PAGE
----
There was a time when I didn't believe in taking photographs, because I thought that if you took a picture, it became your memory. The flash might go off, and someone's pale skin is overexposed, their eyes glowing red, the background obliterated in black flatness. Perhaps, if lucky, you could remember the photo that got away -- the one that showed your friend in luminescent laughter -- but most often the flawed photo became your memory of that moment. I wanted my memories to stay beautiful.
Our day will come, if we just wait a while.
Some say scent is the surest way to evoke memory, but to me those memories are inexact. A smell of burnt cloves, mixed with patchouli, will conjure not a specific moment but that nebulous past I call "My Hippie Days."
For me, it's music. Music can bring back entire textures; the way I felt; the exact hue of light; who I was and who I wished I was with. Nothing brings it back like music.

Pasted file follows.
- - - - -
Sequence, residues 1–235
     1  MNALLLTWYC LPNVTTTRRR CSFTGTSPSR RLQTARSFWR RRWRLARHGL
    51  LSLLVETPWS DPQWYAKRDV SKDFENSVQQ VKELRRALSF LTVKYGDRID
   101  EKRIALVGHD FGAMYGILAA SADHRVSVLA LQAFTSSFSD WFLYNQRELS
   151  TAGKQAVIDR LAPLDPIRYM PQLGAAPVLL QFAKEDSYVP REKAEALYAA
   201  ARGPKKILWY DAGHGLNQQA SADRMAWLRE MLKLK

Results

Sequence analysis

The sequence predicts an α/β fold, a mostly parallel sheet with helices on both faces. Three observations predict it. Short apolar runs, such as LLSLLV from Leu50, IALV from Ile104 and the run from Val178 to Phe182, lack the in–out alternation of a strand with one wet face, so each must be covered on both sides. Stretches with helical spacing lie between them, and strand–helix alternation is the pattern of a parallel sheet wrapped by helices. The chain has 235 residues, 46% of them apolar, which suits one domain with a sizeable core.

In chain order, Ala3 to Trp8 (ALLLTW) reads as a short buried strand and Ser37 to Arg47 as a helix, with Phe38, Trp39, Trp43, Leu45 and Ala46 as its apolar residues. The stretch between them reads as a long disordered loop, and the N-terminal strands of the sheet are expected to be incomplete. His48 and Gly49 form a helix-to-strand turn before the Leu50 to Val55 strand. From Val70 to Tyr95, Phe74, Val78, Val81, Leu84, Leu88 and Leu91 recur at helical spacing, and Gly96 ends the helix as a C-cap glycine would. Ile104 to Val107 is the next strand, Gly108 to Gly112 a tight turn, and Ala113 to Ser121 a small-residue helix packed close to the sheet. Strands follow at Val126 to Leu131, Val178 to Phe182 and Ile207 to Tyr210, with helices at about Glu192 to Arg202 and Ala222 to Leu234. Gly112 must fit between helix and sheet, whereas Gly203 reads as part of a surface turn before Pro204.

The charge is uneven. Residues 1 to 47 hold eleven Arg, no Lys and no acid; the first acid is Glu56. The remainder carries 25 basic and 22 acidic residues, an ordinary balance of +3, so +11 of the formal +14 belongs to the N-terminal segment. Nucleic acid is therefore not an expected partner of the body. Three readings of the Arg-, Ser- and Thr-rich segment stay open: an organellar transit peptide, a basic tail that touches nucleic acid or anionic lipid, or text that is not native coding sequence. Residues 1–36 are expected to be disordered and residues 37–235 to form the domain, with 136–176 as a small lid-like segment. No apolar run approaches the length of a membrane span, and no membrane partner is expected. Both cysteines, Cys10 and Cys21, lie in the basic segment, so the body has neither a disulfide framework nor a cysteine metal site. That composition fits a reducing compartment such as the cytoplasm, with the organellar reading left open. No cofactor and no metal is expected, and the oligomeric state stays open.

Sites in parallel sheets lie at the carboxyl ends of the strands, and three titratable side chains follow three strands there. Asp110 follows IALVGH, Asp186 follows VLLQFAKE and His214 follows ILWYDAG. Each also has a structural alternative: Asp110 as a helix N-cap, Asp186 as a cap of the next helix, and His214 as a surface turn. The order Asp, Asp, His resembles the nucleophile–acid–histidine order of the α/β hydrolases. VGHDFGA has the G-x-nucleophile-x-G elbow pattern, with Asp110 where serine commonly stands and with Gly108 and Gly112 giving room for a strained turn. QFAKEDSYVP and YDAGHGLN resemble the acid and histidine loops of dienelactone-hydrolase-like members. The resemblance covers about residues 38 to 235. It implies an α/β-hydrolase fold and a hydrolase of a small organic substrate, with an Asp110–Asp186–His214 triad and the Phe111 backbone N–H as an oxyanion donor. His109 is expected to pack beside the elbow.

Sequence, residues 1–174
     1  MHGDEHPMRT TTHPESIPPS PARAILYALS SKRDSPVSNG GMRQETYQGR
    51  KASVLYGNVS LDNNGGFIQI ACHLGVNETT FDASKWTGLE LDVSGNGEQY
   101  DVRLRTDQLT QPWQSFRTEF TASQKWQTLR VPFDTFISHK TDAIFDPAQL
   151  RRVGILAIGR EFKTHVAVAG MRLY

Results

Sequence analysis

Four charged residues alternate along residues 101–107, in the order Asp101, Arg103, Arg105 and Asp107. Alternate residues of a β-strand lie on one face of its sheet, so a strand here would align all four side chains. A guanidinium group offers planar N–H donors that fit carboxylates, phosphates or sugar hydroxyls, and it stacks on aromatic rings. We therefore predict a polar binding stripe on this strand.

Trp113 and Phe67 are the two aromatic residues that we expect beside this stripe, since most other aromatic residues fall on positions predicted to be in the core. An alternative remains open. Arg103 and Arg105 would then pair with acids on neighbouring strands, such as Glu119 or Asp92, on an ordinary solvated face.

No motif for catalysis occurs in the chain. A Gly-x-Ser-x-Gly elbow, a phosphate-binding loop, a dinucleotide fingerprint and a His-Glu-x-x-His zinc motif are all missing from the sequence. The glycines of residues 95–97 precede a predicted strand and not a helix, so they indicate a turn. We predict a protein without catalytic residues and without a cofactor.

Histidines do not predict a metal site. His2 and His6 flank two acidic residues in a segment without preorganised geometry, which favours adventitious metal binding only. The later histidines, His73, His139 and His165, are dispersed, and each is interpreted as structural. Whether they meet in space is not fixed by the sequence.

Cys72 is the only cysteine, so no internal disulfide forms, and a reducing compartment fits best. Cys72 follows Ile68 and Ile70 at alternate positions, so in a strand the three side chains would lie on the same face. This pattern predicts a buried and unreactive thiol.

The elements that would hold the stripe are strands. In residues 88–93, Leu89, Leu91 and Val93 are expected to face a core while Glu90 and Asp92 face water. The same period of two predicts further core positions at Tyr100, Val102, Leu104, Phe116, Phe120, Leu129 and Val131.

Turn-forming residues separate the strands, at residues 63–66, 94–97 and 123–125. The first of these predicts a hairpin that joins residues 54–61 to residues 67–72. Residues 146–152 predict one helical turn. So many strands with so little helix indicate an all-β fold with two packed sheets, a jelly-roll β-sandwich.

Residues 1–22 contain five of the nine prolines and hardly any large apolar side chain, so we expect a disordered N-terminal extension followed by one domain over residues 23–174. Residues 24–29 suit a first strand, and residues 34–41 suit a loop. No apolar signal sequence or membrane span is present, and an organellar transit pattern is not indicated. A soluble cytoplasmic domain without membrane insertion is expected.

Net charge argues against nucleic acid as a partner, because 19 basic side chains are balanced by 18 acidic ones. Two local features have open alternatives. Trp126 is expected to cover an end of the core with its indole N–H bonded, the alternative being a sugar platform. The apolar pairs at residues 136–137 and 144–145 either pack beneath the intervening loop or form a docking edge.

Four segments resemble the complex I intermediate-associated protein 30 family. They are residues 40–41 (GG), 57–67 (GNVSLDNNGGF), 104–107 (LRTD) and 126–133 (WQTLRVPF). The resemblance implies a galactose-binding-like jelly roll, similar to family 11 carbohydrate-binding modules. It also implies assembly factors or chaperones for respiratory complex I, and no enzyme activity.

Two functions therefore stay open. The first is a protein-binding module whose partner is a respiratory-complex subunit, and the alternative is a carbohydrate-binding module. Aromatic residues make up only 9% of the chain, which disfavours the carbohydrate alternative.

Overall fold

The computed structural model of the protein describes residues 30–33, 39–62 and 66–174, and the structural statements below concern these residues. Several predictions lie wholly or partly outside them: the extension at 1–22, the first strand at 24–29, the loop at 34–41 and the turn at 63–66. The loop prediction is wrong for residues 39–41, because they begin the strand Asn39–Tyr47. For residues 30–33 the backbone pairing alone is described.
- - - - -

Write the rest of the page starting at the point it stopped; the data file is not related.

Inspirations have I none, but to touch the flaming dove.
Dark, dark is the sky now. All lights glow: the headlights, the street lamps. Amber and red. Here's the thing that I want to say.
Love is careless in its choosing, sweeping over cross a baby. Love descends on those defenseless.
When I hear Bowie's album, Ziggy Stardust -- oh, man! -- I'm back in college, strutting across campus on a cold, cold winter day, jamming to my headphones, singing out loud without caring who listens.
Keep your electric eye on me, babe. Put your ray gun to my head. Press your space face close to mine, love. Freak out in a moonage daydream, oh, yeah.
Now, all these years later, I'm driving home from seeing friends I had in those days. I'm listening to the same songs, making new memories of the memories of the memories. And I'm stopping for milk to give to my little boy. I will share these memories with him. And he will have his memories of me telling him of my memories, just as I carry around my mother's stories of netting birds, just as I carry my dad's stories about working in a rich lady's greenhouse. These memories have become my memories, even though I only hold fragments of them. Fragments of fragments of fragments. Together, they form a beautiful, wavering whole.
That was no DJ. That was hazy cosmic jive.